ORLANDO, Fla. - Progressive forces here have put a ballot initiative mandating paid sick time for workers in Orange County onto the Nov. 6 ballot. Disney World and other big business interests are going all-out to block it.
The county supervisor of elections verified on Aug. 17 that Citizens for a Greater Orange County, the coalition spearheading the initiative campaign, had collected over 50,000 valid signatures (6,000 more than necessary) for the measure to be on the ballot. In total, about 74,000 signatures were turned in over a three-month period through the efforts of volunteer and paid canvassers.
Mark Shipley, an organizer for the community group Organize Now!, said he was "very excited, although not exactly surprised with the overwhelming support earned sick time has had in Orange County." Organize Now and Central Florida Jobs with Justice have been mainstays of the coalition. The National Council of La Raza, Mi Familia Vota and other groups, along with organized labor, including the Communications Workers and IBEW, have supported the coalition as well.
If the measure passes, any employer in Orange County (population 1.2 million) with 15 or more workers would have to provide employees with one hour of paid sick time for every 37 hours worked, up to a maximum of 56 hours (seven days) per year.
Under the county charter, commissioners must hold a public hearing on the measure within 30 days of certification at which they can either pass it as an ordinance, or do nothing and allow citizens to have their say.
Since all the commissioners and Orange County Mayor Teresa Jacobs have already expressed opposition to mandated sick time, the hearing will be a pro forma exercise. Nevertheless, said Shipley, sick-time proponents will attend the Sept. 11 hearing "to show a good strong force and support for the issue."
The coalition's campaign for passage of the measure will emphasize continued "voter awareness," said Shipley. "At this point, most people are very aware of the issue and with an over 70-80 percent public approval rating, depending on the polls you use, I think our main drive is just going to be: turn people out to vote."
That overwhelming support may be eroded somewhat under an onslaught from corporate interests, including the restaurant and tourism industries, along with the Greater Orlando Chamber of Commerce and other pro-business forces. The Orlando Sentinel reported that even before the certification there had been "a flurry of lobbying by Walt Disney World lobbyists and other opponents who have pushed Orange leaders behind the scenes to torpedo the petition drive."
According to the newspaper, after three days of lobbying by Disney, the area's largest employer, "five of six Orange County commissioners penned ... similarly worded memos urging Mayor Teresa Jacobs to take the maximum 30 days allowed before they have to order that the question be placed on the ballot." The hope was that running out the clock would cause the measure to miss the deadline for getting the county's ballot to the printer.
The Sentinel also reported that county visitor logs indicate that a Disney lobbyist met with Jacobs and the county attorney on Aug. 13 to talk about "charter questions." The same lobbyist signed in the next day for meetings with all commissioners and their aides for discussion of "possible agenda items." About 40 percent of Disney workers don't have paid sick time.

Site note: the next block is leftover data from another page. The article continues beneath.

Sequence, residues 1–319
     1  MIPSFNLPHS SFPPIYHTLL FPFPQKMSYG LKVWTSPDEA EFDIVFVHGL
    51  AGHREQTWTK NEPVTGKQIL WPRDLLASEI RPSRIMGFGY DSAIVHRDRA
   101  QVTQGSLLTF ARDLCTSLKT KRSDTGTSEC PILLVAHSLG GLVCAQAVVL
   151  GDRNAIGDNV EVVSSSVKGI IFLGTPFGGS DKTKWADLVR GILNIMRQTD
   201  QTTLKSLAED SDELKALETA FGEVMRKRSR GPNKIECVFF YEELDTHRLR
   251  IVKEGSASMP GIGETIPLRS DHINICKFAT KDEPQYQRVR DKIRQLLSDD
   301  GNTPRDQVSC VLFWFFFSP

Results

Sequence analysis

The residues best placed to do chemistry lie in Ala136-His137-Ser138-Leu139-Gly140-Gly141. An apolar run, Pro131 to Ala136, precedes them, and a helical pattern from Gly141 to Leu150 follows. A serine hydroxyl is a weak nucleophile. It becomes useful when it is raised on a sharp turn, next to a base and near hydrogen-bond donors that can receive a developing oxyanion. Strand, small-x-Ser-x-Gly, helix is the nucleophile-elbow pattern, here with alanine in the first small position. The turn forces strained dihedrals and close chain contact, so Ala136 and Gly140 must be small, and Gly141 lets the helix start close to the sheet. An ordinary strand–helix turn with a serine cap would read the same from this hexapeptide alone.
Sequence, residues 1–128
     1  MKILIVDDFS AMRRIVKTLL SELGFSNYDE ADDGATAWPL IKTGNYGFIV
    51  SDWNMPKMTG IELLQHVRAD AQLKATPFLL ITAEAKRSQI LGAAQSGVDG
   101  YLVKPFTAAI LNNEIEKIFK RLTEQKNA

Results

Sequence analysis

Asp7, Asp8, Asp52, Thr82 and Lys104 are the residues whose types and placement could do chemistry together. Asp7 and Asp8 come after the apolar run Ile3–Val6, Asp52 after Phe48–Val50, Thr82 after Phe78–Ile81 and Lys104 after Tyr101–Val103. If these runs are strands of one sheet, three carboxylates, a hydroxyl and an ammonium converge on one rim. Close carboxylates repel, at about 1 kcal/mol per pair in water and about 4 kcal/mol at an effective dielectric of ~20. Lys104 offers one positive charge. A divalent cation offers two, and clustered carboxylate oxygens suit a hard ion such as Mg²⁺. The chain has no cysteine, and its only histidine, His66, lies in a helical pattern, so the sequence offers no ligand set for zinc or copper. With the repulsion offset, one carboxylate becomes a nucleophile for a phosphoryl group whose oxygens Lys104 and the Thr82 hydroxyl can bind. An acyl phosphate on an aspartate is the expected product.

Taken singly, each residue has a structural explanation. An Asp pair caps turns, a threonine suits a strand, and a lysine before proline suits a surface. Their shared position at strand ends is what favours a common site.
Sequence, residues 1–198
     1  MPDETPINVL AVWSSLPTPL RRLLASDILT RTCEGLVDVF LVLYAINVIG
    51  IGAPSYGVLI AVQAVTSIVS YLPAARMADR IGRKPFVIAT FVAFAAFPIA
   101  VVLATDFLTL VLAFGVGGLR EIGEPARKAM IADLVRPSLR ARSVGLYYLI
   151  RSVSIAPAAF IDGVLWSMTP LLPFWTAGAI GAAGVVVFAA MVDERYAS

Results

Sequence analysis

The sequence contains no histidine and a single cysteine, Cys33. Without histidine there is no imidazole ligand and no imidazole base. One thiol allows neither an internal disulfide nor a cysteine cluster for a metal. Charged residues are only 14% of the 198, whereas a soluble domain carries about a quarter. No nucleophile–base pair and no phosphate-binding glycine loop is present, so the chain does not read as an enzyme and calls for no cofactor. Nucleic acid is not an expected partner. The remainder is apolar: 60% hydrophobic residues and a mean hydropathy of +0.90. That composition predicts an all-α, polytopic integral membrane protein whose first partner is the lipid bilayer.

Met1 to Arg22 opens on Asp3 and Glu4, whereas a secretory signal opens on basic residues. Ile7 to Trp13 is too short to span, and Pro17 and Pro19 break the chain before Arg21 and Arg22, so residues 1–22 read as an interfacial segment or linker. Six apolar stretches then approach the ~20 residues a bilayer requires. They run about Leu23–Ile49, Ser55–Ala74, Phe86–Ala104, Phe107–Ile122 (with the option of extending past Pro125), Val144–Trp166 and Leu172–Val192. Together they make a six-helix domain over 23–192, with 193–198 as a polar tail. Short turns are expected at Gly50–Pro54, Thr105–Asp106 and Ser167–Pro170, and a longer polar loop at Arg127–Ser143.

Pro-business forces appear ready to spend big on a propaganda campaign that they hope will induce workers into turning down something that if passed would improve their lives, especially those in low-wage service jobs, and would build worker power in Central Florida. According to the ballot initiative coalition, 40 percent of private sector workers nationally and 81 percent in the lowest-paid jobs don't have sick time.
A confidential email sent on July 27 to local chambers of commerce by the head of the Central Florida Partnership, a group under the aegis of the Greater Orlando Chamber of Commerce, included an attachment intended to give recipients "some idea of what a 'full-blown' campaign will cost." The email was leaked to a local media outlet and subsequently obtained by a People's World reporter.
The two-page document from Consensus Communications, a local public relations and political consulting firm whose founding partners have long histories of involvement in right-wing politics, recommended the use of focus groups, polling, direct mail and TV spots in a potential campaign against the measure. The firm also offered a range of media plans - Bronze ($1.4 million), Silver ($1.9 million) and Gold ($2.2 million)- depending on the number of direct mail pieces and TV ads. Each plan includes a $25,000 consulting fee for Consensus.
The business community already has gone to court to stop the initiative. In a lawsuit filed Aug. 1, plaintiffs including the Greater Orlando Chamber of Commerce, the Central Florida Hotel and Lodging Association and the Home Builders Association of Orlando claimed that the measure's language is "misleading" because it implies that non-profit entities would be exempt from it.
Stephanie Porta of Organize Now! told the Sentinel that "this initiative has undergone thorough legal scrutiny, and we have had no objections raised by the County Commission or the Supervisor of Elections or anyone else." Porta characterized the lawsuit as "a stalling tactic designed to stop Orange County voters from strengthening our local economy and providing stability to workers."
Photo via Vote Yes on Question 1 Facebook page.